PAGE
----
DGS Intl. Dinner - Tectono-stratigraphic evolution of the Centaur 3D survey, Exmouth Plateau, North West Shelf, Australia
World economics and increased LNG exports have made the Northern Carnarvon Basin, offshore North West Shelf Australia, a highly attractive exploration target in the gas sector.
This project illustrates the tectono-stratigraphic evolution of the Exmouth Plateau, a deep-water sub-basin within the Northern Carnarvon Basin. The project was completed by fully interpreting the Centaur survey, a recently acquired 3D seismic dataset located in the northwestern part of the plateau. The investigation involved detailed qualitative and quantitative seismic analysis of structural and stratigraphic elements that were then assessed on their impact to the hydrocarbon potential of the area.
The Centaur provided spectacular imaging of NNE- and NE-trending, highly-segmented rift-border faults that make up the main graben-forming boundaries formed between the Late Triassic and Early Cretaceous, as a consequence of rifting of Greater India from Australia. The rifted fault blocks were affected by subsequent tectonic uplift associated with ridge push, then degradation, creating rounded eroded footwall crests and redeposited hangingwall strata up to 50 m thick. Continued extension and displacement of the rift-border faults created long, obliquely trending intra-graben faults that intersected the rift-border fault hangingwalls. Extensional fault-propagation folding helped create 1-3 km wide, asymmetric depocentre synclines in the hangingwall of the rift-border faults, while uplifting and rotating footwall strata eastwards. Since the beginning of passive margin phase in the Late Cretaceous, the plateau has been subjected to minor episodic fault reactivation, subsidence and slumping, including Neogene inversion producing a localized anticlinal structure within the southern margin of the survey. The timing of formation is supported by mass-transport flows away from the uplifted area and onlapping of sediments onto the structural high.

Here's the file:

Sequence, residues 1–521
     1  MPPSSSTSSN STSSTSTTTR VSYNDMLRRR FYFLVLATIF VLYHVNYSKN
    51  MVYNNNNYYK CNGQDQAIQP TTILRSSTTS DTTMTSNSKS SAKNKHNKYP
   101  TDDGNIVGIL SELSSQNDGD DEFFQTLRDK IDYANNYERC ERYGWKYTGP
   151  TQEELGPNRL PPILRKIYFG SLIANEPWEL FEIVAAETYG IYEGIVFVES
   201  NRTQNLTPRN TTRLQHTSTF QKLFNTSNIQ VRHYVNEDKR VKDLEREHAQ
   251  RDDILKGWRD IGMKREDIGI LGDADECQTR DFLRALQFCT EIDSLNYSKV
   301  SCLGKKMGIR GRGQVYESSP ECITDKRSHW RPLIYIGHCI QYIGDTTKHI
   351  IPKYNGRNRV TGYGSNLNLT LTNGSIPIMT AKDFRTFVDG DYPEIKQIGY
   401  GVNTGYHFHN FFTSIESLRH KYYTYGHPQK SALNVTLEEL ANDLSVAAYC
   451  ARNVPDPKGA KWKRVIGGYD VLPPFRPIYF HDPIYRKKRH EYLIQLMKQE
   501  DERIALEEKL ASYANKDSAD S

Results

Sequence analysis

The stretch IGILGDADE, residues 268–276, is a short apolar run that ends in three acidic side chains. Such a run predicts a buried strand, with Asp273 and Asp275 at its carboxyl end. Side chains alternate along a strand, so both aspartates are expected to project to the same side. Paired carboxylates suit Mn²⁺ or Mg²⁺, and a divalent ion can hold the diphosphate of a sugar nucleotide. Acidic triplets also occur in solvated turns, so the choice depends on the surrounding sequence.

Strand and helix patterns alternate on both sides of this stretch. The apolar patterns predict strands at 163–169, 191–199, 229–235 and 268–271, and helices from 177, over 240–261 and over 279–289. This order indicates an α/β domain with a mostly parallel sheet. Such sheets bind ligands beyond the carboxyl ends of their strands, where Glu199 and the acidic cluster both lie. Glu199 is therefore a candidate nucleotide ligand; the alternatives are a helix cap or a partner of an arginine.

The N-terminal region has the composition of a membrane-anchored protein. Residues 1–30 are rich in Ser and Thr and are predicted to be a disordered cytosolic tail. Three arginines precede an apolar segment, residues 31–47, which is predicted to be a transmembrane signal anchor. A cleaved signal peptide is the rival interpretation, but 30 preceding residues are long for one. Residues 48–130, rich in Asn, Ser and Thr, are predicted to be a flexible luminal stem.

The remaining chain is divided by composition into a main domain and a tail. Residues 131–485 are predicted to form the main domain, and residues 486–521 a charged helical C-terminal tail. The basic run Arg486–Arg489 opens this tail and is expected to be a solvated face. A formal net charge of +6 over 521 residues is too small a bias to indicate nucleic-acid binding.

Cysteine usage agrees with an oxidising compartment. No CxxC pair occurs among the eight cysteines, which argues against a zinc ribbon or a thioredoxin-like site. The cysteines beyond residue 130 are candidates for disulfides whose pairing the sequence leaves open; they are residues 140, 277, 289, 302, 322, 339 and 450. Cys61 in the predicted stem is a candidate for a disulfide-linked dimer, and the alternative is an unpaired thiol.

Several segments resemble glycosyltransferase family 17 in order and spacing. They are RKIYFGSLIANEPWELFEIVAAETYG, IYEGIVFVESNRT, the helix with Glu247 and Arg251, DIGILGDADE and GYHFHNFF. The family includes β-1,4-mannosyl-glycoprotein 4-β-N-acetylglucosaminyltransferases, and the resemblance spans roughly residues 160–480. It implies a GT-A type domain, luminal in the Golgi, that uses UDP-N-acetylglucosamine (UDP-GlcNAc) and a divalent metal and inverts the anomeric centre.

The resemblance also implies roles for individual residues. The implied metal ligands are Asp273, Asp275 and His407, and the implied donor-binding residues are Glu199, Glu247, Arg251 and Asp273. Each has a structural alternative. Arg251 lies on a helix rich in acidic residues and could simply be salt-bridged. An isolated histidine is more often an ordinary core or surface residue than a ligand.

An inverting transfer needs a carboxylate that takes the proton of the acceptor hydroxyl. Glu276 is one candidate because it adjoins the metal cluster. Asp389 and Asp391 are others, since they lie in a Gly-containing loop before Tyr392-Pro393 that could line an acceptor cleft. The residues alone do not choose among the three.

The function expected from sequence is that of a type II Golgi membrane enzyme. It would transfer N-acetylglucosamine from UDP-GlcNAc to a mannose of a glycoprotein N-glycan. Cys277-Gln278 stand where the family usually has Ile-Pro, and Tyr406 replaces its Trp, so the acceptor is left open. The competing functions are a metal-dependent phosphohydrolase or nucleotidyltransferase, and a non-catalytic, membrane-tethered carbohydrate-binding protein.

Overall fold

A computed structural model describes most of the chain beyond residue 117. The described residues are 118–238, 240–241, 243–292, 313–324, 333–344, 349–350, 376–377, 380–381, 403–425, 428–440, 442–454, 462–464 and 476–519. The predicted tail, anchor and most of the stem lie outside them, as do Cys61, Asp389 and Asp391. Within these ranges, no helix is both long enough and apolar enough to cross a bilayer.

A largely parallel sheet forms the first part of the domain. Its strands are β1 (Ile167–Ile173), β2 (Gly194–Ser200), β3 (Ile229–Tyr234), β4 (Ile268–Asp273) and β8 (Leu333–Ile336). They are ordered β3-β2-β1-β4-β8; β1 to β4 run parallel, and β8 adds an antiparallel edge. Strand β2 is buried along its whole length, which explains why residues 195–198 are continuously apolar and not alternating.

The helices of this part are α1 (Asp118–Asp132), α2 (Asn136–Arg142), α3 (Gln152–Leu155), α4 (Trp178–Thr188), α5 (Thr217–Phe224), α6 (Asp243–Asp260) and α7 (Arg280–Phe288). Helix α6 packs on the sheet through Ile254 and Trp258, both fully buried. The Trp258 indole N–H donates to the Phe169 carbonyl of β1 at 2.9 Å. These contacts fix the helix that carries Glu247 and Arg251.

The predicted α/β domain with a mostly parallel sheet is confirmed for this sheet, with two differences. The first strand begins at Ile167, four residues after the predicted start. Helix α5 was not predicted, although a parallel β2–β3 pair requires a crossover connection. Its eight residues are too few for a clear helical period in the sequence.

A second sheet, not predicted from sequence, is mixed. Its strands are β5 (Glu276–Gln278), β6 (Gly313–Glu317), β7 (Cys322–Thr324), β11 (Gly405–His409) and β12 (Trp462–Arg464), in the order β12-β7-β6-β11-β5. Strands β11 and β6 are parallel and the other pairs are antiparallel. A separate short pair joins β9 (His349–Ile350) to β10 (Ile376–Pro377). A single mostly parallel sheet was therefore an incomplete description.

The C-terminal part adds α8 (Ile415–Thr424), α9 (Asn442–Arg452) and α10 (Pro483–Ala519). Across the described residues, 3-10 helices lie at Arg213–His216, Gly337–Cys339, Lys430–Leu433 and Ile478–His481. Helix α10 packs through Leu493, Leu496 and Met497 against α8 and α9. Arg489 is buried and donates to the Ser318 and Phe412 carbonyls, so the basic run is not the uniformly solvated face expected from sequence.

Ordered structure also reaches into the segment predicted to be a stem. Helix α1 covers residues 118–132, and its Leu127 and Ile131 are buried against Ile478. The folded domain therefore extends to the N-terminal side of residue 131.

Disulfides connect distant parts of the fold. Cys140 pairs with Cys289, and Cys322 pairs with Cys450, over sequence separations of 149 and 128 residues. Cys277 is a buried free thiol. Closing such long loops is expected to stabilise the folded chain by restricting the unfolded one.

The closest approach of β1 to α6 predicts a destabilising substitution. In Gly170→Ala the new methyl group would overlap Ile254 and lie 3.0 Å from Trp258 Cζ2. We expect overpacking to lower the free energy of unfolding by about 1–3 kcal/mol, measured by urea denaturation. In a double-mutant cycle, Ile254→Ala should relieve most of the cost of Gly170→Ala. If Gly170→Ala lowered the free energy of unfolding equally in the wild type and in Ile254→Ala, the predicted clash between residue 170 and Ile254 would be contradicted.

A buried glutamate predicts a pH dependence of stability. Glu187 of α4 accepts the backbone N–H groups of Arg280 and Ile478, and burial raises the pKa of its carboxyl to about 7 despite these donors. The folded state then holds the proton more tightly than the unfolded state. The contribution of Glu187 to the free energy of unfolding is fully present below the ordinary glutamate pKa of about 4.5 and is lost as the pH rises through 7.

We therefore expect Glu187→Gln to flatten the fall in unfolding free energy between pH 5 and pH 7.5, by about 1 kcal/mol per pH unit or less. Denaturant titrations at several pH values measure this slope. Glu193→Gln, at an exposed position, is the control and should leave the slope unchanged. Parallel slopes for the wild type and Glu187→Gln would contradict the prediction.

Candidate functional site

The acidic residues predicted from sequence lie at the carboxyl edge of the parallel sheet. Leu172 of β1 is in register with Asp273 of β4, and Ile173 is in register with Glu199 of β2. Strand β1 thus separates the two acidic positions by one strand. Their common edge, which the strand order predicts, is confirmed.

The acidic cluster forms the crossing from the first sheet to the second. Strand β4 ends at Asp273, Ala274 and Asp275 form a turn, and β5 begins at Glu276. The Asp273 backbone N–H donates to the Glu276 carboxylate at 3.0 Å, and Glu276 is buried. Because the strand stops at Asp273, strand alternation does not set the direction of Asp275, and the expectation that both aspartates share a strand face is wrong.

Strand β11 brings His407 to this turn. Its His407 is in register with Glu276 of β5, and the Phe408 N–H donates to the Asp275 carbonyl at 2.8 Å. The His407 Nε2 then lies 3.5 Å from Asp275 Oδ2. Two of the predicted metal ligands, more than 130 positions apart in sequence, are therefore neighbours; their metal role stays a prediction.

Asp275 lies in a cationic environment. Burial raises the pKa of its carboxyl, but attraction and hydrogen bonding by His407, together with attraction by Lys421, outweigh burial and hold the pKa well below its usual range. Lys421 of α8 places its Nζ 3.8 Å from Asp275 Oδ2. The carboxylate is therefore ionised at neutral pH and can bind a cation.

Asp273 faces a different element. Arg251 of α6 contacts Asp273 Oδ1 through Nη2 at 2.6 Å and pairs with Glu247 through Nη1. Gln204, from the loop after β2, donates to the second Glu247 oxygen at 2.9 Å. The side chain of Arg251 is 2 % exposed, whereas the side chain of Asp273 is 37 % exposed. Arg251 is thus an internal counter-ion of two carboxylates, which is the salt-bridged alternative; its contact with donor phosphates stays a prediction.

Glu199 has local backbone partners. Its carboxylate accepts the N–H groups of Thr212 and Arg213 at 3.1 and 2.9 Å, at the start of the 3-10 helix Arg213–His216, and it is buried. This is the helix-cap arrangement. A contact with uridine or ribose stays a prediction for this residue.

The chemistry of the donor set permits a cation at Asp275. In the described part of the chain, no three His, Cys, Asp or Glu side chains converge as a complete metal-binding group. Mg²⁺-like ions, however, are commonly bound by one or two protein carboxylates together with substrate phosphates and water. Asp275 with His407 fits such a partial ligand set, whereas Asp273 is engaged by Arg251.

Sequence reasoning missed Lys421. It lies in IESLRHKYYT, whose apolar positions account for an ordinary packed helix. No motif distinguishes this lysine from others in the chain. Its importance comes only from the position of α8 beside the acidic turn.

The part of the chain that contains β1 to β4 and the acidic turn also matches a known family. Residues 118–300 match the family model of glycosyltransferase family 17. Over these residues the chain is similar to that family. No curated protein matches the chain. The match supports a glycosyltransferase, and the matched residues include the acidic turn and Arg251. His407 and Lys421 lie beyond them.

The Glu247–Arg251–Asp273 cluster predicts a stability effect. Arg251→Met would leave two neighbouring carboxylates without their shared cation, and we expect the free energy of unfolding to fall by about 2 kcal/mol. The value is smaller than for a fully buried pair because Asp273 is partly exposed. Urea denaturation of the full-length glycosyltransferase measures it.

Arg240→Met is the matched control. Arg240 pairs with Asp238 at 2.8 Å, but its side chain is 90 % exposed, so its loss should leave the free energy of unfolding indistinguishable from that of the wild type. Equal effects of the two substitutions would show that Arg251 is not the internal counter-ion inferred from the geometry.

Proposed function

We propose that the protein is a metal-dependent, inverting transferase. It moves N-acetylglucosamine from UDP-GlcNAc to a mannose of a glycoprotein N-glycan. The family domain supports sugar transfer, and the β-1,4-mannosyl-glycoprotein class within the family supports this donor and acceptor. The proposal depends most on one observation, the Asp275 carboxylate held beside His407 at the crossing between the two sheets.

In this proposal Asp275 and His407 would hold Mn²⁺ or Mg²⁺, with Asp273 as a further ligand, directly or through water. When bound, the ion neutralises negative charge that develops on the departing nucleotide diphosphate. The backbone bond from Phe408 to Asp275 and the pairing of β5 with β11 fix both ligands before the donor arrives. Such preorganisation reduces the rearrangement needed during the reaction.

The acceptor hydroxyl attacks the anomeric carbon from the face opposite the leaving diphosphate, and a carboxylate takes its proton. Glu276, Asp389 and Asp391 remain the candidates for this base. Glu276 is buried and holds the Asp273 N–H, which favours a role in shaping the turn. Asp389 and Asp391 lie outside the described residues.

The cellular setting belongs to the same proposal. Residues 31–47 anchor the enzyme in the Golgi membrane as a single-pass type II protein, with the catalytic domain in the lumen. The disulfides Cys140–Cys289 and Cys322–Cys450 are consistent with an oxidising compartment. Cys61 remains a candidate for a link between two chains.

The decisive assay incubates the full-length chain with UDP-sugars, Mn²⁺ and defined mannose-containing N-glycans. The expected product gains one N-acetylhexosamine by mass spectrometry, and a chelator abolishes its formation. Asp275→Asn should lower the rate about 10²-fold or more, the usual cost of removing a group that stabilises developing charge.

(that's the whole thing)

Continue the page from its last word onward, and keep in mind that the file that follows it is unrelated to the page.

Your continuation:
Seismic facies analysis of the Triassic strata has shown a multitude of stratigraphic elements including deltaic channel systems, sheeted sand bodies, igneous intrusions and hydrothermal vent complexes. Amplitude extractions have identified potential structural traps in tilted Triassic fault blocks as well as potential stratigraphic traps in intra-Triassic channels, in sandbodies and potentially in igneous intrusions.
Several lines of evidence suggest that the overall structural evolution of the rift-border faults was influenced by the reactivation of pre-existing Early Triassic structures, these include, 1) existence of fault-propagation folding of Triassic rift-border faults, 2) along strike variations in geometry and orientation of rift faults and 3) the appearance of faults propagating upwards obliquely through Lower Triassic strata. Unlike the traditional orthogonal extension models of rifting that creates long, linear rift patterns, the structural geometry is comparable to analogue models of offset or oblique rifting, where the rift-border faults are short, highly-segmented and curved, containing long intra-graben faults formed perpendicular to the direction of extension to create numerous asymmetric hangingwall depocentres.
The results of the project suggest various structural and stratigraphic elements that provide varying levels of risk and reward in the Triassic prospective play targets for petroleum exploration. While the Triassic strata provide potential hydrocarbon targets, fault reactivation since the Early Cretaceous, mass-transport complexes Cretaceous and Tertiary and fluid escape features of the Top Triassic pose a threat to the seal quality of trapped hydrocarbons and slope stability for drilling infrastructure.
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